Students at performing arts school get lesson in history


May 1, 2017

LOS ANGELES – For students at Ramon C. Cortines School of Visual Performing Arts, the police beating of black motorist Rodney King – and the riots that followed when white officers were acquitted – was more a history lesson than anything else. Many had never heard of the riots that left 50 people dead, more than 2,000 injured and nearly $1 billion in damages.

So teacher David Krassner decided to give his students a creative academic lesson using the school’s performance art curriculum.

As a part of the students’ final exam last year, Krassner assigned students to study and perform characters from actress/playwright Anna Deavere Smith’s play “Twilight: Los Angeles, 1992.” In the award-winning play, Deavere Smith portrays about 40 characters based on her interviews of more than 300 Los Angeles residents regarding their experience of the civil unrest.

Krassner says the student portrayals were “in your face.” After seeing the project, school administrators asked Krassner to direct “Twilight” as a full school production.

For 17-year-old Michael Aghasaryan, however, what started out as a simple classroom project turned into a life lesson.

“At first, we spent a lot of time just learning about the riots,” said Aghasaryan, now a senior at the school. “There were many in the cast that didn’t even know about the riots and that part of Los Angeles’ history,”

The cast spent hours looking at the King beating, footage from the riots, and studying different people who played prominent roles like U.S. Rep. Maxine Waters and former Police Chief Daryl Gates.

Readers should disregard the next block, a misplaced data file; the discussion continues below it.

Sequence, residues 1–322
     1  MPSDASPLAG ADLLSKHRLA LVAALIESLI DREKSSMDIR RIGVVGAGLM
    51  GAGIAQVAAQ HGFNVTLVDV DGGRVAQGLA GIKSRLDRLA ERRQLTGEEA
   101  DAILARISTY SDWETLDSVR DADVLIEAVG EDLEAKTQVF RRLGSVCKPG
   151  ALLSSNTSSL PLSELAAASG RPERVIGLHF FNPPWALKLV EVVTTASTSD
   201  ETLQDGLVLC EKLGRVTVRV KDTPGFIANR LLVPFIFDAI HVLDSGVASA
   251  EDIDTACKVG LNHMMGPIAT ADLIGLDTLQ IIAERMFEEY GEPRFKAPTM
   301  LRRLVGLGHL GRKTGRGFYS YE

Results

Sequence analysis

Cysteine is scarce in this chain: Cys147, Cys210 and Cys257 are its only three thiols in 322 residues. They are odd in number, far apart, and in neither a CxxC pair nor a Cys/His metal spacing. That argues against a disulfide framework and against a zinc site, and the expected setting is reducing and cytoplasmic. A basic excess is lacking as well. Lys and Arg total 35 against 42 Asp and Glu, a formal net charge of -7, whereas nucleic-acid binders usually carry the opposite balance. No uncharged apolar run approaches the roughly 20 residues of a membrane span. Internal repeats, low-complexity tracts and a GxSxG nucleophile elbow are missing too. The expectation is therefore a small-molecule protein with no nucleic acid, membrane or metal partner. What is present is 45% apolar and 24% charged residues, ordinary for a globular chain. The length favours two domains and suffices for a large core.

After viewing the footage, Aghasaryan said the entire cast was stunned.

“Everyone was absolutely silent. I remember feeling sickened and outraged,” he said. “But at the same time, I remember feeling helpless, like I couldn’t have done anything about it.”

Aghasaryan said he used the feeling of helplessness to develop his character in the play, an anonymous talent agent who was agitated about the disruption the riot was causing. He also played the role of civil rights activist and Los Angeles Police Commissioner Stanley Sheinbaum, a man who he came to admire.

“He’s done so much. I didn’t try to portray him as an old man as much as I tried to capture the passion he had for what had happened.”

Aghasaryan recalled reading about how Sheinbaum met with gang leaders after the civil unrest and urged them to organize.

“He told them, ‘Don’t go for the violence. Let’s work together.’”

For Aghasaryan and other cast members born after the unrest, Twilight was more than an opportunity to hone their acting skills — it was a chance to understand a different perspective.

“I got to meet someone and discover something that I probably would never have otherwise,” Aghasaryan said.

The cast performed six sold-out shows and could have sold out 10 more, Krassner says.

“This wasn’t just another play that was happening,” he said. “This was a statement that was being made by our school.”

 

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